|Sr. Mary Clifford Soisson, SC|
Erratically Appearing Hallucinatory Guest Star: Dana — A Gentlerreader
Dear (eventual) Grandstickies & Great-Grandstickies (& Gentlereaders),
Six of my first eight teachers were members of a Roman Catholic religious community, that has roots extending back to 1809, the Sisters of Charity.
Sister Mary McGillicuddy changed my life, Miss Crabtree, not so much.
[Um, don't you mean Ms. Crabtree?]
No, Dana, I do not. I'm so old that Ms. magazine wasn't published till the year after I graduated high school and which, according to Wikipedia, is when that particular honorific caught on.
Now that name tags read, "Hello, my name is _______ and my personal pronouns are _______ " it sounds/seems almost quaint.
Sister Mary and Miss Crabtree are composite creations. S'ter Mary McGillicuddy represents the six nuns mentioned above. Miss Crabtree stands in for the two lay teachers I had in Catholic grade school.
To a lesser extent, she represents the handful of female teachers I had in public high school; the word handful is an indicator of my encroaching decrepitude.
The majority of my teachers in public high school were male, the principal and vice-principal of the two high schools I attended were both also members of the toxic sex, particularly the vice-principals (readers of a certain age nod knowingly).
However, this column is about a real Sister Mary, Sister Mary Clifford who was my teacher in seventh grade and whom I recently discovered died in 2010 at the age of 89.
She was my first and only "cool" nun. She was the first and only nun I liked. She was one of only two nuns I wasn't afraid of.
She taught me, at the age of 12—without meaning to—that nuns were just H. sapiens in peculiar clothes, not members of a separate, parallel species.
|Sisters of Charity, New York -1965|
Like me, she attended Catholic grade school (hers still exists) and public high school. She received a scholarship to Seton Hill (not Hall) College which was founded by the Sisters of Charity. She took her vows in January of 1942.
She was not only my seventh-grade teacher she also was the principal of the school, St. John the Evangelist, which was located on the Sou'Side-a-Pittsburgh, across the street from the 12th street playground.
Somehow, I was one of her pets. To this day I don't know why.
Being a pet of the principle meant that at least once a week I got out of class to accompany her when she borrowed one of the parish priest's cars to take care of some sort of business, usually grocery shopping for the convent that was right next to the school.
It was never just me—there was always at least one of the other boys, sometimes two depending on our mission—but it almost always included me. In retrospect, I can guess why it was always more than one boy but at the time neither I nor any of my classmates (that I'm aware of) noticed or cared.
But. Why. Me?
There was this girl, Ellen somebody? who from year to year was always a teacher's pet, but that made sense. She had a beautiful voice and the nuns were always finding excuses to get her to sing.
I didn't give it much thought at the time, just enjoyed it, rolled with it, took it for granted. Somehow, even my classmates didn't razz me about it and normally this was a group that called each out for everything
I still have no idea what she saw in me, but I do know why I liked her so much. She was genuinely nice. She kept at least one foot in the real world at all times. She wore her vocation like a corsage, not a crown of thorns.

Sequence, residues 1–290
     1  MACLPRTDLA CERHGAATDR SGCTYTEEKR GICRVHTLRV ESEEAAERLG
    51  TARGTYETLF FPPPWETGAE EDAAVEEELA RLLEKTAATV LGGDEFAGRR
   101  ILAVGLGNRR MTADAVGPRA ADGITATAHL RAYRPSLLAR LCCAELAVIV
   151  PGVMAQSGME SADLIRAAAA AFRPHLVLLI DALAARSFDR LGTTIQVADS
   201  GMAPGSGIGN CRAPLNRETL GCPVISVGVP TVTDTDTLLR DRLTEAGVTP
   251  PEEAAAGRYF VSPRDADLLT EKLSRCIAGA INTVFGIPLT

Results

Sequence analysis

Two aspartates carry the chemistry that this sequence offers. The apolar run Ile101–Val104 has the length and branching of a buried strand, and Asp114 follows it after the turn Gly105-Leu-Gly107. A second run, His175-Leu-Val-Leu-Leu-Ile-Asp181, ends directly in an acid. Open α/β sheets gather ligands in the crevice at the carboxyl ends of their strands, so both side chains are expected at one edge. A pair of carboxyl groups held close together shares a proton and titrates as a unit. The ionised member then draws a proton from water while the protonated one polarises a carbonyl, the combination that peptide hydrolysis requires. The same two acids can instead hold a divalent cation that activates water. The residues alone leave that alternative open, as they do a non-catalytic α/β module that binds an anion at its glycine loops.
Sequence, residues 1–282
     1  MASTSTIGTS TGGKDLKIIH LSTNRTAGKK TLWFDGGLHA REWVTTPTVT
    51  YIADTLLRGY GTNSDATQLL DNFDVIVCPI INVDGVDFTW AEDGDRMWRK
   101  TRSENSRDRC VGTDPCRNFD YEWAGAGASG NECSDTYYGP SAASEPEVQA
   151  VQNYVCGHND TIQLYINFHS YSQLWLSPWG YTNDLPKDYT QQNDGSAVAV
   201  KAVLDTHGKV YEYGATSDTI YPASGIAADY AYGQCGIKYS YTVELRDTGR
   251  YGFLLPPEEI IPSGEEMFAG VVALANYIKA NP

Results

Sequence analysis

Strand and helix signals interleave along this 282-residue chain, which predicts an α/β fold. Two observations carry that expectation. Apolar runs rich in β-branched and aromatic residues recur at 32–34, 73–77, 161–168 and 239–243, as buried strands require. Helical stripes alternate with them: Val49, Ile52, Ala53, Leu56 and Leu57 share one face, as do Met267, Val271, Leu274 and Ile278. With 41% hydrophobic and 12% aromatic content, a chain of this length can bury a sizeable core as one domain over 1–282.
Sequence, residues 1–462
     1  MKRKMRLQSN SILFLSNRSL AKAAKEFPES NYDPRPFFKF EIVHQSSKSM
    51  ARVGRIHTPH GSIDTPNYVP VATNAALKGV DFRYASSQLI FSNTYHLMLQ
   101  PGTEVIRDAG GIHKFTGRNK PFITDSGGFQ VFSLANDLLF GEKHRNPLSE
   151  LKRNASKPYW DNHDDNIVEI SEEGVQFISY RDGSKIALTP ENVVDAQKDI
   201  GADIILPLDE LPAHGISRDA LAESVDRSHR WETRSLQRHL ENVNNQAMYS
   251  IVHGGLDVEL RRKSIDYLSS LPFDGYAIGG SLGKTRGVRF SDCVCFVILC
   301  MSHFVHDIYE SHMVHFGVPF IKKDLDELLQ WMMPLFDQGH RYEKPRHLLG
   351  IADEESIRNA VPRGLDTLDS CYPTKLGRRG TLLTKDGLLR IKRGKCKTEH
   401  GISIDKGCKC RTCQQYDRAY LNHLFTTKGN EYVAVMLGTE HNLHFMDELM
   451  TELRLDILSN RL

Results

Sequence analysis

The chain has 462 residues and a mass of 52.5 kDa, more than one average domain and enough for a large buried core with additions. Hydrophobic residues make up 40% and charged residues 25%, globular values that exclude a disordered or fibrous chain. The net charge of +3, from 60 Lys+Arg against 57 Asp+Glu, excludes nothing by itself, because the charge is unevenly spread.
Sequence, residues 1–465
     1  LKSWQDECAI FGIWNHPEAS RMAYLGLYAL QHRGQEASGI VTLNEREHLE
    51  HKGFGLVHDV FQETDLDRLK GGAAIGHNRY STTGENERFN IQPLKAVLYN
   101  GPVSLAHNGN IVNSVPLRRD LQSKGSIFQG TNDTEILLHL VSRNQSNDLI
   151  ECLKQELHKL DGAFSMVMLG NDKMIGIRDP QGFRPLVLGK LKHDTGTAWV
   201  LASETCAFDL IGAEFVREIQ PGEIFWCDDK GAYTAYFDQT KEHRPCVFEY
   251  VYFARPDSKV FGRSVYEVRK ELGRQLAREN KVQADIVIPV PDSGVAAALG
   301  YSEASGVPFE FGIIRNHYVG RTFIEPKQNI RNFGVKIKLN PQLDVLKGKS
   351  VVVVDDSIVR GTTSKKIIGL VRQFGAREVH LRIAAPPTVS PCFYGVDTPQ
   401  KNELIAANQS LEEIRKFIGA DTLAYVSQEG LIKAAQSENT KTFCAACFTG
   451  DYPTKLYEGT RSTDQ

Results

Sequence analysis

She clearly enjoyed driving and when I was out and about with her she acted like a doting aunt, not my teacher. She'd answer our questions about parish politics, other nuns, her life, etc., questions we'd never think of asking in class (it just wasn't done) as honestly as she could.
But always diplomatically, always taking the high road, never stooping to gossiping or backstabbing. Keeping the faith, as it were.
It was probably why I caught no crap from my peers—everyone liked her. She ran a tight ship in class but possessed not a trace of Crazy Nun Syndrome.
[Note: If you've ever been exposed to CNS, which was a common malady at the time, no explanation is required. If you haven't, no explanation I can provide will come close to describing it properly.]
Prior to Sister Mary Clifford, I had six teachers.
Four Sisters of Charity afflicted with CNS; one lay teacher that was about 150 years old; another lay teacher, for second grade, that taught us how to curse (rather genteelly by today's standards) by conscientiously explaining which words we were not permitted to use under any circumstances.
Eighth grade: different school, unremarkable nun. But I wasn't afraid of her thanks to Sister Mary Cliffords unintentional life lessons.
In her defense, she did an excellent job preparing us for Catholic high school knowing that intellectually speaking, things were about to get a lot more intense. And life lessons or not the nun that ran that school scared the hell out me, as she would any right-thinking person.
Fortunately/Unfortunately (it's very complicated) my parents couldn't afford to send me, so I was off to a public high school.
But thanks to Sister Mary Clifford, as my faith slipped away, I knew that nuns were just people, sometimes very special people. Look at her eyes.
Poppa loves you,
Have an OK day
Please scroll down to react, comment, or share. If my work pleases you I wouldn't be offended if you offered to buy me a coffee.
* * *
Your friendly neighborhood crank is not crazy about social media (I am a crank after all) but if you must, you can like me/follow me on Facebook.
Cranky don't tweet.